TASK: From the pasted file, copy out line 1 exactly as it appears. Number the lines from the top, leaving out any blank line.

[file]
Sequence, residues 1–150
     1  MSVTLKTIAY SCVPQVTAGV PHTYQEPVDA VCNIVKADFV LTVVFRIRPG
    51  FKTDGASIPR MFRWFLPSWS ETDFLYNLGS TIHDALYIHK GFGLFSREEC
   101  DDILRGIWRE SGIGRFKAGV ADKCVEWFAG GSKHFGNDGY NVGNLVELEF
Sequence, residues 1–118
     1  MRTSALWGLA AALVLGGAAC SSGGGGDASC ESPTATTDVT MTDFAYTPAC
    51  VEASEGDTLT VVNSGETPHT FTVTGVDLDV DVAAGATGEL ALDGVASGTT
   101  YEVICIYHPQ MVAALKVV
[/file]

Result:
Sequence, residues 1–150